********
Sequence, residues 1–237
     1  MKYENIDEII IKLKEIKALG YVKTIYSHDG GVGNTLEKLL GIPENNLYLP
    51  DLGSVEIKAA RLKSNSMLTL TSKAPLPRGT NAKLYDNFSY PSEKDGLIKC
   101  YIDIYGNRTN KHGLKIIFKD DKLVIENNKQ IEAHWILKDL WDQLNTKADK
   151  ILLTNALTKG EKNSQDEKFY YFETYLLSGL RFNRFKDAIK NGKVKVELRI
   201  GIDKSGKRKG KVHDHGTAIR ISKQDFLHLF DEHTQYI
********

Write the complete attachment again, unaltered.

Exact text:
Sequence, residues 1–237
     1  MKYENIDEII IKLKEIKALG YVKTIYSHDG GVGNTLEKLL GIPENNLYLP
    51  DLGSVEIKAA RLKSNSMLTL TSKAPLPRGT NAKLYDNFSY PSEKDGLIKC
   101  YIDIYGNRTN KHGLKIIFKD DKLVIENNKQ IEAHWILKDL WDQLNTKADK
   151  ILLTNALTKG EKNSQDEKFY YFETYLLSGL RFNRFKDAIK NGKVKVELRI
   201  GIDKSGKRKG KVHDHGTAIR ISKQDFLHLF DEHTQYI